In Wyoming last Saturday three innocent people died when a FedEx truck crossed the median and hit their minivan. While the initial story indicated two people in the van died, a subsequent article, which describes those killed as involved in their community, shared the sad news that a third person, the son of the woman, died as well.
Does this sound familiar?
I bet most of us have forgotten all about the crash last spring in California where a FedEx truck crossed the median and hit a tour bus filled with college students. At least ten were killed including both drivers. The NTSB still hasn’t issued a report telling us what caused that crash, though they shared a report earlier on the sequence of events. And at the time there were lots of heartbreaking stories about the individuals who were killed and injured and how they and their families were coping. When ten people are killed in a senseless crash in California it’s a big story. But still, we all forget as soon as the next big story comes along.
So when only three people die in a remote state like Wyoming there’s little press. Not so much national coverage. It’s not headline news. And when one person dies here, another one there, over time and across 50 states, no one notices at all.
Except those of us that have been there.
And when it’s the same company that has killed innocents we sit up and take extra notice. FedEx warrants some of our attention, some research. I know people will say that it’s early and we don’t know the cause of this latest crash in Wyoming. That we shouldn’t jump to conclusions. But it has been proven that a driver involved in one crash, regardless of fault, has a bigger probability of being involved in another. Logically that is because a person involved in a crash, even one not their fault, may be a less observant driver, perhaps not as defensive, as someone paying more attention who might have been able to avert disaster given the same circumstances. I can extrapolate on this theory to assume that a company that has been involved in one fatal crash has a larger probability of being involved in another fatal crash, perhaps due to the culture of the organization.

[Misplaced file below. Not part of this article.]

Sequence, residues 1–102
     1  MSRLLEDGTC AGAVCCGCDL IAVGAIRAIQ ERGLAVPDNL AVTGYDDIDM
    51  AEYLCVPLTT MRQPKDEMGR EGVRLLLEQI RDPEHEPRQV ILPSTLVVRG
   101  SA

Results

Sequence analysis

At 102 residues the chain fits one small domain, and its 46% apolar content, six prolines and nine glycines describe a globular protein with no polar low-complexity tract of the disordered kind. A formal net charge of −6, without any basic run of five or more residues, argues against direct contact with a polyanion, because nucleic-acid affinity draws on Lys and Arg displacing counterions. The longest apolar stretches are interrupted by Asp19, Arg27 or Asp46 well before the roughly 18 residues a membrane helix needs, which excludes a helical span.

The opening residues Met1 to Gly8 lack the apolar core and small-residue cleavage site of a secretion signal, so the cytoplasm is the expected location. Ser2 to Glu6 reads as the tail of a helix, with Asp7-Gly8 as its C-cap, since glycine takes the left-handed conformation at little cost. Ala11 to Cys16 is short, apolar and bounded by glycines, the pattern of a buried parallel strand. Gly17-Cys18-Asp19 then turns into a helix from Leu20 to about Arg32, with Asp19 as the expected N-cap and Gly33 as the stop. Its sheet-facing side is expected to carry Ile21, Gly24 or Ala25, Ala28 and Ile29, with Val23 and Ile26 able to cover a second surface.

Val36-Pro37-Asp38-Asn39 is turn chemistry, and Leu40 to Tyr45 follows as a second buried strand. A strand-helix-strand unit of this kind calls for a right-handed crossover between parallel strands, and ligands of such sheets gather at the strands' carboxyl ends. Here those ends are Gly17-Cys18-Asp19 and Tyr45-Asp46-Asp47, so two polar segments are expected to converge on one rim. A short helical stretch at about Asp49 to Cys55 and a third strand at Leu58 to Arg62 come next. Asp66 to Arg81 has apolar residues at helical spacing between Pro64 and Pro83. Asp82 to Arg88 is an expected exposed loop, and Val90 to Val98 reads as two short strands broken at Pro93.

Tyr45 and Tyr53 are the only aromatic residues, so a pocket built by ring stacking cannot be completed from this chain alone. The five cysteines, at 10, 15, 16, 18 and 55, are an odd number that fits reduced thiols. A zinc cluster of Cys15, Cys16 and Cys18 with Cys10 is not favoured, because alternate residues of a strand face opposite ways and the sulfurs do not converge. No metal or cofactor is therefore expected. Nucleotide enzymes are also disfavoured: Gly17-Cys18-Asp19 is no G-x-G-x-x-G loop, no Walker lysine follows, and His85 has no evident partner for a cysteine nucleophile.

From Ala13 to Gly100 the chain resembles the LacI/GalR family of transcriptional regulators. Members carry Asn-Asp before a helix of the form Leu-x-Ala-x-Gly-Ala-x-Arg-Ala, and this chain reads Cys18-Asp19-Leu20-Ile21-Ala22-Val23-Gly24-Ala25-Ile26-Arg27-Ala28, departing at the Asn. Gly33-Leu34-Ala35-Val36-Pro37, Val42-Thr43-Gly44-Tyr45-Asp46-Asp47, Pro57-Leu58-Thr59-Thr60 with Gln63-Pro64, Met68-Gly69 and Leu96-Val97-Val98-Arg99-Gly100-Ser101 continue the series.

What’s the culture at FedEx?
I’m not the only one wondering what’s going on. Turns out others are investigating their safety record. And included in the article are some numbers from the Federal Motor Carrier Safety Administration comparing FedEx and other carriers. Notice the 3.8 crashes per 100 drivers for FedEx compared to 1.74 crashes per 100 drivers for UPS. Makes you wonder doesn’t it. And don’t you doubly wonder when you realize that FedEx is one of the large shippers lobbying hard to get longer and heavier trucks approved to travel on all our roads?
The holiday season is upon us. More and more packages will be shipped and companies like FedEx will be busier and under more stress to get your baubles and gifts shipped faster then ever. We all leave holiday shopping to the last minute. We all want instant gratification. We all want that next day delivery. And so we all contribute to the culture of pushing drivers to go faster and further just to make our dreams come true.
Let’s just stop.
Let’s shop locally. And early. Or send gift cards from your family’s favorite local store. Let’s not demand instant delivery. Let’s spend more time with our families and less time shopping. And while we’re doing that let’s remember the families and survivors of the crashes in California and Wyoming, and all the other crash victims we haven’t even heard about. Let’s remember that they are going to face their first holidays in what is their new normal. Let’s be thankful for what we have while we remember those we’ve lost. Let’s never stop working toward fixing this problem, investigating those responsible, and supporting those hurting. Let’s not forget. Ever.
And maybe, just maybe, let’s not use FedEx until they can understand that profit over safety is unsustainable.